After a long spell of rain, according to the weather forecast, we are still continuing rainy days. But, fortunately, we have a very bright Sunday morning today.
After the beautiful, stable, soft, and serene bell sounds and sittings, we have the very soft, serene, peaceful, and beautiful world with the sound of birds’ singing, waterfall and also cars, and the bright sunlight.
They all come into us and are with us in harmony, peace, and truth. Yesterday, I went into the garden and saw a lot of creeping Charlies. I removed them and literally discovered beautiful moss, tiny flowers, and vines. I enjoyed bountiful, beautiful fruition of the past.
When we go into the garden to find and offer flowers to the Buddha statues, we discover more flowers, more beautiful things, along the way and around our garden. Only by stepping out from our small selves to actual actions can we witness truth, beauty, and goodness.
If we do samu (work), we find more things in and around us in newer, better, wider, holier appreciations and abilities. It is difficult to continue our practice, much less to do samu, so people just come and go. But, you’ve been practicing both sitting and samu.
We need both. Just visiting here and sitting, then going back home, we may enjoy a little taste of peace; but we just continue our narrow selves, never discover, deepen, and develop more truth, peace, harmony, and beauty in our newer, greater living in us and with all.
In Buddhism we recommend cultivating or accumulating “hidden virtues” (behind the scene work), behind visible or beyond profitable gains. We work and accumulate hidden virtues, finding hidden beauties, and we become more wholly wholesome.
Hidden virtue is “intoku,” (隠徳) in Japanese, which can be written as negative virtue (陰徳). We only want positive, visible values, virtues, and merits. But sitting and samu are two sides of one practice which makes it possible for us to become wholly wholesome.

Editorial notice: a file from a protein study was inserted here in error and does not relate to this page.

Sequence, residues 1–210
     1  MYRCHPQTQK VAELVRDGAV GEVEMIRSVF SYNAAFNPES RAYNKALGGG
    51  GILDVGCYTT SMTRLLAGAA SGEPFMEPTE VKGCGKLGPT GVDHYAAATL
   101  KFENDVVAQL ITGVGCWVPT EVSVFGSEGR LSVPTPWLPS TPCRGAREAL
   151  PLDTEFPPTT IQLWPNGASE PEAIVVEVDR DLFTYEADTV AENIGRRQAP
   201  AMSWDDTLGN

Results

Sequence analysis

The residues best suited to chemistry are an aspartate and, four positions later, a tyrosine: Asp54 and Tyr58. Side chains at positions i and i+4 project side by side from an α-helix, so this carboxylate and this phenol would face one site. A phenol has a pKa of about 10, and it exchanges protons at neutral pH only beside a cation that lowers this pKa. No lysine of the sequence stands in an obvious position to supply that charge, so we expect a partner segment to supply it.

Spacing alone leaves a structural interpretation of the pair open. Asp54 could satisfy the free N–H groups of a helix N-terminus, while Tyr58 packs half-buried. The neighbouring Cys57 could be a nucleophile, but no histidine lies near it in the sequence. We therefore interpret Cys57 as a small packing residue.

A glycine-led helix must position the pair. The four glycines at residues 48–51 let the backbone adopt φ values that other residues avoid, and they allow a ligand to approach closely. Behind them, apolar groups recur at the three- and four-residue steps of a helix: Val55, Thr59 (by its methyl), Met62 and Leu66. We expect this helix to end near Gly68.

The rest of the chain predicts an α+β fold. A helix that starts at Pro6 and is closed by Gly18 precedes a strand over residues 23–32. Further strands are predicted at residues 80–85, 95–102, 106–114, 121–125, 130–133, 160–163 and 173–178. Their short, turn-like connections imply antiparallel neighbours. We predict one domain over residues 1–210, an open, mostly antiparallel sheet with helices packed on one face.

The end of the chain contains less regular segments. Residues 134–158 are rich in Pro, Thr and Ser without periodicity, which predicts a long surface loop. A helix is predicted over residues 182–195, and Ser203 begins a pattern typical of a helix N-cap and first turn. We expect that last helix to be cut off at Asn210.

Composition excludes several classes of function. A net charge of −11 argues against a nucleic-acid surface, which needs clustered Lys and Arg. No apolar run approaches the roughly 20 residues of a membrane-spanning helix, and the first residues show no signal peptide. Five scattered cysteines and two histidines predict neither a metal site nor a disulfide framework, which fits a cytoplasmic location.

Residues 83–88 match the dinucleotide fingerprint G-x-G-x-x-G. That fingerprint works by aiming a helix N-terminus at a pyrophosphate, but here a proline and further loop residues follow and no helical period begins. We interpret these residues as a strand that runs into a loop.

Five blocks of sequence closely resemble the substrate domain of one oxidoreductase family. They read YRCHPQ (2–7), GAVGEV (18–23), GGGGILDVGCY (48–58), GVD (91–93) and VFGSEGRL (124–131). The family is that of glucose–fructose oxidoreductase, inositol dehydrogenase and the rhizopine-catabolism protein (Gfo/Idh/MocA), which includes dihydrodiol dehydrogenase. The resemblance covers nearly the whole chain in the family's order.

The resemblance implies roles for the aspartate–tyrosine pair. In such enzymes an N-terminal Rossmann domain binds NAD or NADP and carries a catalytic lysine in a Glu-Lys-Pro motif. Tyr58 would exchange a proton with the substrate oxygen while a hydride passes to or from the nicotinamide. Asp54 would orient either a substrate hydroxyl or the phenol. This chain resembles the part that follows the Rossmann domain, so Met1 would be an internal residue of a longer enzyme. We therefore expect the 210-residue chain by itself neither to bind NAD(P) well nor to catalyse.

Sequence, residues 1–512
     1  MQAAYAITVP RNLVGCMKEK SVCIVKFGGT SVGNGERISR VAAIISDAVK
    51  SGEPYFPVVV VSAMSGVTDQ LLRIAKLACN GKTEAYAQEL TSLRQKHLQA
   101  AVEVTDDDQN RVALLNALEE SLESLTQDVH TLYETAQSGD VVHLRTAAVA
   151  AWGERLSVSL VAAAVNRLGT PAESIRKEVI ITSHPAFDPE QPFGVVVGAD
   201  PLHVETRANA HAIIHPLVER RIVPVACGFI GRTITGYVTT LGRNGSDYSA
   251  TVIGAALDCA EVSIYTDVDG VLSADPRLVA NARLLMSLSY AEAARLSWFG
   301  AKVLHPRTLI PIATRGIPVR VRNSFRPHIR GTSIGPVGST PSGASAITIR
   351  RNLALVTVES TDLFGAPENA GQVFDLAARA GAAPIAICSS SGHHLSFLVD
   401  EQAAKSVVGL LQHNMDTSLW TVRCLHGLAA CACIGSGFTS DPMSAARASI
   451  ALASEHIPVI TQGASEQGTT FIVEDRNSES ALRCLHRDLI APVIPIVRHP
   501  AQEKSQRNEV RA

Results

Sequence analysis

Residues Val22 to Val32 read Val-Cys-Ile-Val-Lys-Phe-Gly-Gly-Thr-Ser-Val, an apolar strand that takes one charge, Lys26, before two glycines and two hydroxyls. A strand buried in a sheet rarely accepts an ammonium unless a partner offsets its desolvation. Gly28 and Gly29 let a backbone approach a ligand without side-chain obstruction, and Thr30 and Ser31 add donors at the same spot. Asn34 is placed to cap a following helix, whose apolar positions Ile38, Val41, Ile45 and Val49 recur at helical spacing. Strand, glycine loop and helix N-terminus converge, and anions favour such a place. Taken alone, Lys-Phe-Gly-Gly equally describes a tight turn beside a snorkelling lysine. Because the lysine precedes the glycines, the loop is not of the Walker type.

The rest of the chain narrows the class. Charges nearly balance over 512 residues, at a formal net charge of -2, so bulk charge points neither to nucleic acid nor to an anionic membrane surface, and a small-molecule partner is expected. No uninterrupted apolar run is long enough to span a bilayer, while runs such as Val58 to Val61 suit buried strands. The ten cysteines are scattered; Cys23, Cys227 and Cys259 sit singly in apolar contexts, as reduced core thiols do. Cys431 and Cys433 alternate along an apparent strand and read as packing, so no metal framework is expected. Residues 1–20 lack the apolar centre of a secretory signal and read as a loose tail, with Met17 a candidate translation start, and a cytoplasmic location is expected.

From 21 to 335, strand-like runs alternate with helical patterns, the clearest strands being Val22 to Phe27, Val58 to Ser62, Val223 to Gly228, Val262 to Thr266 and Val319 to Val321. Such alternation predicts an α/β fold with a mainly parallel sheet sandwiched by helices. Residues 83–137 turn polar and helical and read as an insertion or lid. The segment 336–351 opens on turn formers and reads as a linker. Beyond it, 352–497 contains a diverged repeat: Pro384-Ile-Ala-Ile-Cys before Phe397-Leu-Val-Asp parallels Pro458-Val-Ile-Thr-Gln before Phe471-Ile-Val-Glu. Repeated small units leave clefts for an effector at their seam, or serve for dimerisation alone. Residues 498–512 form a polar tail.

People do not like negative virtues, because they seems negative to the self. They are, however, negative in a conventional, secular, mundane sense. It is actually positive when we look at it from the other side – the dharma, the wholly wholesome, world – the awakened world.
In Buddhism we talk about two refuges, self and dharma. Everybody has the individual (actually divided, separated) self. This is like a raindrop, dewdrop, or water-drop separated from air, clouds, or ocean. Thus we see the bell, flowers, trees outside of us as “others.”
If we do not cultivate, we cannot make a good sound, even though we read or listen to someone speaking about it. Only when we actually do it and embody the new skills with and in our own bodies, beyond minds, can we create and commonly share the beautiful sounds.
This applies to everything – in meeting flowers, trees, and people – the whole world is separated among separated selves. When we sit down, however, we can come back to the dharma world and settle there in truth, peace, harmony, goodness, and beauty.
Now we need to set out into our actions – samu – hitting the bell, harvesting the crop. Then only can we enjoy beautiful sounds, flowers, fruits, and the world. The more we cultivate our bodies and minds, the more truth, peace, harmony, and happiness we can enjoy.
We have a lot of problems and sufferings in our world, because we do not cultivate our bodies and minds. Rather than cultivating great, mature, and joyful minds (the three minds), we just continue to create smaller, more immature and sorrowful minds.
The Gakudoyojinshu (Collection of Cautions for Learning the Way) starts with generating the awakening mind, and ends with realization here and now. The practice cycle (aspiration, action, unconditioned peace, and awakening) continues constantly.
Thus only we can live on joy with all. Otherwise we just continue to create more problems and sufferings. Our practice cycle starts from self and reaches the dharma, but again we must come back to our selves in concrete actions, settle there, and go on further.